ABUJA – Full-blown legal fireworks commenced before the Presidential Election Petition Tribunal sitting in Abuja on Thursday, as the Peoples Democratic Party, PDP, and its candidate, ` Abubakar, opened their case against the re-election of President Muhammadu Buhari.
The petitioners, in a bid to prove their allegation that the outcome of the February 23 presidential poll was not the true reflection of voting patterns across the 36 States of the federation and the Federal Capital Territory, adduced result sheets from Polling Units, Wards and Local Government levels.
While the result sheets from the Polling Units were captured in Forms EC8As, those from Wards and LGAs were recorded in Forms EC8Bs and EC8C series.
Meanwhile, the five-member panel tribunal headed by Justice Mohammed Garba, admitted a total of 5197 electoral materials, comprising of the three set of presidential result sheets from Niger and Yobe States, into evidence as exhibits.
While the result sheets from Niger were admitted under Exhibit P series, that of Yobe were marked under Exhibit PYB series.
The tribunal equally admitted and marked as Exhibit P3465, the Certified True Copy of a receipt dated June 7, which the Independent National Electoral Commission, INEC, issued to the petitioners following a payment they made to procure the entire forms.
Whereas a total of 3465 exhibits from 25 LGA in Niger State were admitted, a total of 1732 exhibits were tendered from 17 LGAs in Yobe State.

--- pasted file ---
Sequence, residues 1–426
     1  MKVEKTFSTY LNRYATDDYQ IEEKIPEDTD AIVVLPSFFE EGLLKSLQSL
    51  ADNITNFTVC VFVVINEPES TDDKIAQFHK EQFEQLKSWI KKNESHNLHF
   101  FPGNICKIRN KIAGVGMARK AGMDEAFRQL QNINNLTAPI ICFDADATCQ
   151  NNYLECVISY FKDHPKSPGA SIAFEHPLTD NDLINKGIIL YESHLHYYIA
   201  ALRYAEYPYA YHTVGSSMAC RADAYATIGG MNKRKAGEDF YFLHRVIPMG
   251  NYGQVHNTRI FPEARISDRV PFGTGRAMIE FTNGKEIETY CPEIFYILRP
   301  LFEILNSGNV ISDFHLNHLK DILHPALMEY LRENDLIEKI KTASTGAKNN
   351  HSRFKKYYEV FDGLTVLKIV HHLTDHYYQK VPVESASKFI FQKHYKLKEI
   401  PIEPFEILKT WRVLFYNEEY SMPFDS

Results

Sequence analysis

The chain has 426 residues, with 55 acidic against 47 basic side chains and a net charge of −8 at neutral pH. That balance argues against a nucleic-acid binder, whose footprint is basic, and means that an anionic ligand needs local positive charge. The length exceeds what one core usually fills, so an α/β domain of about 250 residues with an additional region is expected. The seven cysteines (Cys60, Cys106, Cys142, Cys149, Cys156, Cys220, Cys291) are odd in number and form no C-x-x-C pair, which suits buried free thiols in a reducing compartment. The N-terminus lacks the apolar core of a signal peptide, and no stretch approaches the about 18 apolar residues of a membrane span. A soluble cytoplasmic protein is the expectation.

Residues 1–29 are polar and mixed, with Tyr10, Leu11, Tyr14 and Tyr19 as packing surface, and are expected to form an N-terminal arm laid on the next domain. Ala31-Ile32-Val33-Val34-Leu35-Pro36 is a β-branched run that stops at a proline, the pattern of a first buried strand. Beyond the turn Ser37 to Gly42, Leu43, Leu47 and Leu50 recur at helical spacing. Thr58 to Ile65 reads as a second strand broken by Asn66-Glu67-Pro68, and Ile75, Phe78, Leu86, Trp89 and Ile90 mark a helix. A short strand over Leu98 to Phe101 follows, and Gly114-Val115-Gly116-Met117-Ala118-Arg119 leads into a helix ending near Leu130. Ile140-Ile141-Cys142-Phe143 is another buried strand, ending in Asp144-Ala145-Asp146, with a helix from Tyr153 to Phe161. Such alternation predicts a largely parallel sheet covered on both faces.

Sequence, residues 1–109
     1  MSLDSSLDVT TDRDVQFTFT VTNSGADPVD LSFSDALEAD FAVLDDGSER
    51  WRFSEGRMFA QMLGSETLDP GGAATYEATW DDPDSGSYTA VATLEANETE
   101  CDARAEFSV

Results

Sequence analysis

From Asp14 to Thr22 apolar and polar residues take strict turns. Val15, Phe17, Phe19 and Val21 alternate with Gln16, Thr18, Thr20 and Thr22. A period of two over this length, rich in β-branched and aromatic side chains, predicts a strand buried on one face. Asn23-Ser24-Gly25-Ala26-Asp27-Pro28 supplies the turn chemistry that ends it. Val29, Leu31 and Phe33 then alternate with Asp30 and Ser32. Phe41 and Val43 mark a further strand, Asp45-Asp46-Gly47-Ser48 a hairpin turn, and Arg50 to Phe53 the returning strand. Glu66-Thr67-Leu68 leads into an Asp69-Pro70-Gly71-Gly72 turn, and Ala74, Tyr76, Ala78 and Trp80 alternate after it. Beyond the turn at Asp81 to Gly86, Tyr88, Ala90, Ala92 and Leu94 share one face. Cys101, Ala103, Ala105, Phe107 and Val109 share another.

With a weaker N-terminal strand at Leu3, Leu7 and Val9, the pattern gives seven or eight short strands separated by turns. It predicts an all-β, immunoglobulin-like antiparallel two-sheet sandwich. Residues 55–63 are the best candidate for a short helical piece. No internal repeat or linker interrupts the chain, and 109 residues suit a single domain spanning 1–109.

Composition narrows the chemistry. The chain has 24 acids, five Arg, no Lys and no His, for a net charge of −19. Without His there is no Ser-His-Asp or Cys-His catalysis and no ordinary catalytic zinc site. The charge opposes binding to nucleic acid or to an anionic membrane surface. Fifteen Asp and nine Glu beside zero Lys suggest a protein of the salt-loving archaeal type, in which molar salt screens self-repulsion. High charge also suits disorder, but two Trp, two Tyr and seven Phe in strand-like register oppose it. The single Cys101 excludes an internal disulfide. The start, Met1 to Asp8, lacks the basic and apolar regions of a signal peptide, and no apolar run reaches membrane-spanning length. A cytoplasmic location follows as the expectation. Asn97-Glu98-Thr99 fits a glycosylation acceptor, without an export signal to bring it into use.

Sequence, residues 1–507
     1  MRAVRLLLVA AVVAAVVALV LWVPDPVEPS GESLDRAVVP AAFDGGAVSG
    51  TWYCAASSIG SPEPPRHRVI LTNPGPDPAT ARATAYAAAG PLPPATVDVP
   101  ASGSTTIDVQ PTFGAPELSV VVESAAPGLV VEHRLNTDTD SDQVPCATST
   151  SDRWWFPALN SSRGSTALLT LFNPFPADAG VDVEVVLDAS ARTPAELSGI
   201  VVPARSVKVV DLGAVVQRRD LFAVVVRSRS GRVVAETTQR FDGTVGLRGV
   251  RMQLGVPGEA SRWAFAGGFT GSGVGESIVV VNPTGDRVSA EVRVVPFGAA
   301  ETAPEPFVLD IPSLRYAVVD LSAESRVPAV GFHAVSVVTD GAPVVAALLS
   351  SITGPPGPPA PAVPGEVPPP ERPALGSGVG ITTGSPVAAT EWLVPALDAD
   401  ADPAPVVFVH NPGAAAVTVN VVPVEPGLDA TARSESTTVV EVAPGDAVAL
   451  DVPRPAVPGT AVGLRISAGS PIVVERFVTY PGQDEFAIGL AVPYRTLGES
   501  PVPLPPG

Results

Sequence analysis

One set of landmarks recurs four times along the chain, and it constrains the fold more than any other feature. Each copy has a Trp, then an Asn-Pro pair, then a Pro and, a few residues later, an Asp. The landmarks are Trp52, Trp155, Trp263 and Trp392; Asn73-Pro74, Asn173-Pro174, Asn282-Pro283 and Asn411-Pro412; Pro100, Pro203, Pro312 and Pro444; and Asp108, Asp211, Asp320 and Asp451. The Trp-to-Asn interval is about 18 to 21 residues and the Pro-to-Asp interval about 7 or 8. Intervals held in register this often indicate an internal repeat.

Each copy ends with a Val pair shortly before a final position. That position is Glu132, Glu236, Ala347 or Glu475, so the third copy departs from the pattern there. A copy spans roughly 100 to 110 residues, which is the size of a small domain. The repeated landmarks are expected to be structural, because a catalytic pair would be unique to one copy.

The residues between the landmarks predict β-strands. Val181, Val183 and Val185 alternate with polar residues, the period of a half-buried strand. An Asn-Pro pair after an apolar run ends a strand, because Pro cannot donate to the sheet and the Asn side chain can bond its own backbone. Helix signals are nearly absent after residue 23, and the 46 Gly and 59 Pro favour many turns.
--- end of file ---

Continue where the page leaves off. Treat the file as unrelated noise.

Remarkably, INEC, through its team of lawyers led by Mr. Yunus Usman, SAN, opposed the admissibility of all the exhibits, including the receipt.
All the respondents, including INEC, said they were however not opposed to the CTC of the presidential election result from Yobe State, which was issued to the petitioners on May 9 and admitted in evidence as Exhibit PYB-1732.
However, in line with an agreement the parties reached during the pre-hearing session, the electoral body, said it would adduce its reasons for objecting to all the evidence that were tendered by the petitioners, in an address it will file later.
Similarly, President Buhari’s lawyer, Mr. Mike Igbokwe, SAN, and that of the All Progressives Congress, APC, Mr. Yakubu Mekyau, SAN, said they were vehemently opposed to all the documents that were admitted and marked as exhibits by the tribunal.
Buhari and APC who are 2nd and 3rd Respondents in the petition marked CA/PEPC/002/2019, said they would also reserve their reasons till an address they would file subsequently.
Attempt by counsel to the petitioners to tender exhibits from Kebbi State was resisted by the respondents who noted that the day was far spent.